Knives in Cinema redux

knives in cinema

Happy Boxing Day to our Anglotype friends. I am chilling at home with my son, watching El Dorado. I have broached the topic of bad-ass knife users in cinema before, and have always held Red (James Coburn) in Magnificent Seven as the king. I don’t know if James Caan’s Mississippi in El Dorado knocks Coburn from the top spot, but I had forgotten about how he deserved mention in the conversation when discussing knives in cinema.

Reader Tom in Oregon had mentioned Mississippi, but the conversation was long enough ago I had forgotten the whole thing. Not only the knife-throwing scene in the saloon, but when Robert Mitchum asks “do you have a knife” and Caan draws it from behind his back and cuts off Mitchum’s pant leg.

Bonus mention to Deputy Bull, the “old Indian Hunter’s” bow-and-arrow kill in the movie’s climactic gunfight. Shades of Mad Jack Churchill.

I had a few minutes, and figured the topic of knives in cinema was worth revisiting.

Of course there is another famous knife-scene with James Caan, but he was not the wielder.

Misery still creeps me out.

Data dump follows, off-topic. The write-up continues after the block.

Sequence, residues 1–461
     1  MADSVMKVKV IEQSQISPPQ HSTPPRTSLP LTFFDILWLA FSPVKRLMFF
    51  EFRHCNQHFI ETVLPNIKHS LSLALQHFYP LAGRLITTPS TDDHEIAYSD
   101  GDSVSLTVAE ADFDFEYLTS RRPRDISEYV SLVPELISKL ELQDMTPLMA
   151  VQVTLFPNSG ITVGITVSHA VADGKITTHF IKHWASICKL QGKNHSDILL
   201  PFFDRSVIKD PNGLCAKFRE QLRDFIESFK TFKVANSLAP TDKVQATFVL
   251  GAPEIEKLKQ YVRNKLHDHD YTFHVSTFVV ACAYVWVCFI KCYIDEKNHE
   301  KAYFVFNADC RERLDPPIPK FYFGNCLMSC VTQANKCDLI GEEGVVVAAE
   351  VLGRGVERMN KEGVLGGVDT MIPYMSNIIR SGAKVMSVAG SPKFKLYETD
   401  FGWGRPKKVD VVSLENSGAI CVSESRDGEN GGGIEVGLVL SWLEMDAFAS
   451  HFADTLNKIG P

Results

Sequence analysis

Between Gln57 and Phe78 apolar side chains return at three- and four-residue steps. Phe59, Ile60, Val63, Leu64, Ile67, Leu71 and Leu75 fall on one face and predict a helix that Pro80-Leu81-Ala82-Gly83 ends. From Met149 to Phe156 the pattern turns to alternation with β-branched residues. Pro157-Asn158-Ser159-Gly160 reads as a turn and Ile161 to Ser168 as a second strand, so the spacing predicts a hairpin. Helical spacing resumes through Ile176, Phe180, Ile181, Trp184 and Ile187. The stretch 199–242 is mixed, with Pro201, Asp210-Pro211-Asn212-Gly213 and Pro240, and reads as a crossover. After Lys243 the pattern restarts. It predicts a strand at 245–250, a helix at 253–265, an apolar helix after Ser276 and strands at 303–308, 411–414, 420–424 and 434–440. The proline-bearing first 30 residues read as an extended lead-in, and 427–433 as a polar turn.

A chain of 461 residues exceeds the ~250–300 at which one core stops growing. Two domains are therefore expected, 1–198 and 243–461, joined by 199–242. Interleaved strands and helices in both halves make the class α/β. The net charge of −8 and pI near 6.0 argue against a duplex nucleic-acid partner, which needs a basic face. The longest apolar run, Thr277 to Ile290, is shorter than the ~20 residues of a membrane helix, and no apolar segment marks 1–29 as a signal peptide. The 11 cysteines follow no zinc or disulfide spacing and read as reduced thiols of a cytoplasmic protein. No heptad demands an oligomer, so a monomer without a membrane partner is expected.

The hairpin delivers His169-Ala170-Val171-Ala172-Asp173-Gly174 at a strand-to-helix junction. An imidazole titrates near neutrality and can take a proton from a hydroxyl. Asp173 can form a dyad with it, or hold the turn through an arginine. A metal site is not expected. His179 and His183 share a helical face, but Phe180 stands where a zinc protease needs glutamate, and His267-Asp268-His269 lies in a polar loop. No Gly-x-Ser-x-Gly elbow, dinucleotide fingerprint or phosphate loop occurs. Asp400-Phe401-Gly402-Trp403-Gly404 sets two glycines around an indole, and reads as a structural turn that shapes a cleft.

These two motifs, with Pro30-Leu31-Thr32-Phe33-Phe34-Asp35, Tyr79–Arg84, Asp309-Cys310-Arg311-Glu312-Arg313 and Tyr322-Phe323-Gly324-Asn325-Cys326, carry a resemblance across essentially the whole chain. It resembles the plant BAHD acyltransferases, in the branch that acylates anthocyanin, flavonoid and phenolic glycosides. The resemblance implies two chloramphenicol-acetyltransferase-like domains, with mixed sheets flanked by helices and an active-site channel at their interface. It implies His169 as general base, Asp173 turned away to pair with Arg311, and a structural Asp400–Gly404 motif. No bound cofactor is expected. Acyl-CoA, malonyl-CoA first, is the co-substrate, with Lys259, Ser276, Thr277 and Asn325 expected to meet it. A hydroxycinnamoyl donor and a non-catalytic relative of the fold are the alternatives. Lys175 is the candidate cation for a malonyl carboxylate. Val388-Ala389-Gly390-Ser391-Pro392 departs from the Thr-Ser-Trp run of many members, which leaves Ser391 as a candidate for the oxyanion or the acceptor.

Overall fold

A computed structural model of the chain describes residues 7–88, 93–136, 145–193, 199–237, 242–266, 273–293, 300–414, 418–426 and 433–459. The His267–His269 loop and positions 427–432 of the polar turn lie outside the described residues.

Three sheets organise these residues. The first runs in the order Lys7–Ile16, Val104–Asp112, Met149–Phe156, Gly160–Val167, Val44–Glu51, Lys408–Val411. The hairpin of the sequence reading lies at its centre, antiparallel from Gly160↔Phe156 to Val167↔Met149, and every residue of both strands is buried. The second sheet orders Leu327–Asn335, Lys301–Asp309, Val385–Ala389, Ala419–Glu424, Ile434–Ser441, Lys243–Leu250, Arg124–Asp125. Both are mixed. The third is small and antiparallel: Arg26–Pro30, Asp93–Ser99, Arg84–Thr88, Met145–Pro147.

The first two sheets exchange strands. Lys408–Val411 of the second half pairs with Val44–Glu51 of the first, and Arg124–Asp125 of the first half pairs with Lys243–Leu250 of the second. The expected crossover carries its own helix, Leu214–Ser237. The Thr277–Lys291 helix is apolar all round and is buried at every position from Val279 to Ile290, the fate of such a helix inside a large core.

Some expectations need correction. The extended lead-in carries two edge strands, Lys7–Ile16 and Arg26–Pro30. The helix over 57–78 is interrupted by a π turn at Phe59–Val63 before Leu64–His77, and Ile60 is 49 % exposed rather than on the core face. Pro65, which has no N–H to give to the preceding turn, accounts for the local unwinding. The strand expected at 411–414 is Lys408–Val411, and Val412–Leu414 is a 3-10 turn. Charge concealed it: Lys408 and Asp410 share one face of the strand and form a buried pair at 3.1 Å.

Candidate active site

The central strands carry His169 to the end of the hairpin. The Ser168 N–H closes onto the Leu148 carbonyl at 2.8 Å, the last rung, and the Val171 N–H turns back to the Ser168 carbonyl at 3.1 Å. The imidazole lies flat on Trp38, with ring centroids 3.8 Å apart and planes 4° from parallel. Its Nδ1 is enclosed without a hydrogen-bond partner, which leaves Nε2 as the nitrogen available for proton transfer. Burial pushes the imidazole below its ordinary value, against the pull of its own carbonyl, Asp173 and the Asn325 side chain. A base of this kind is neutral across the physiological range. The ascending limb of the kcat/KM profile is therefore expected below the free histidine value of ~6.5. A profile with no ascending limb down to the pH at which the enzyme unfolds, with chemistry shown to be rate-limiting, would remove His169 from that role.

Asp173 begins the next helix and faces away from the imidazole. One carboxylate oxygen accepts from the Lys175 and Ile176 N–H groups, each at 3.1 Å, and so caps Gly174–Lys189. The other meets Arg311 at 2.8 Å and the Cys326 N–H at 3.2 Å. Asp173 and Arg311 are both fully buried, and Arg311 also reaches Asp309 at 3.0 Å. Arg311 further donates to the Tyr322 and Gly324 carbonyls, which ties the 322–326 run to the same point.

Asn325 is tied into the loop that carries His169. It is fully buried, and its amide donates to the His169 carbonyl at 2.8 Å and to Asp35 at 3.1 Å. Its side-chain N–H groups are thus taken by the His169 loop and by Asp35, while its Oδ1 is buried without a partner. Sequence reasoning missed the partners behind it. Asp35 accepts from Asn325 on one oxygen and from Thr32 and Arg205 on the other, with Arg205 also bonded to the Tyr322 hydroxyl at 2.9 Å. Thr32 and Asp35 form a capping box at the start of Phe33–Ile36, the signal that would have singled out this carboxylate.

Be well folks.

comments

  1. dph says:

    What about Danny Trejo, seems he always has a knife in his roles?

    1. Snatchums says:

      Part of his M.O. with acting is that he almost always plays the bad guy, and he always dies when he does. That eats into his “badassery” onscreen. He does this because (he makes a fantastic bad guy in any movie) he never wants the bad guys to win. He’s trying to set an example of “do bad things, bad things will happen to you.”

      I agree though, he loves his knives in many roles. My favorite is with his vest of 3 dozen throwing knives in “Desperado.”

  2. Dennis says:

    Time to get on Netfix and find that movie:)

    1. If they don’t have it try Rio Bravo. Same move just swap Caan with Ricky Nelson, Deano for Mitchum, and Walter Brennan is the comic relief.

      Same movie otherwise 🙂

  3. Sam L. says:

    The knife fight in “Butch Cassidy”, which didn’t work out for the knife guy. “There are no rules in a knife fight.”

    The guy in Magnificent Seven was James Coburn, not “Colburn”.

  4. John F. MacMichael says:

    I’m surprised nobody has cited Crocodile Dundee yet: “Call that a knife? This is a knife!”

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Knives in Cinema redux

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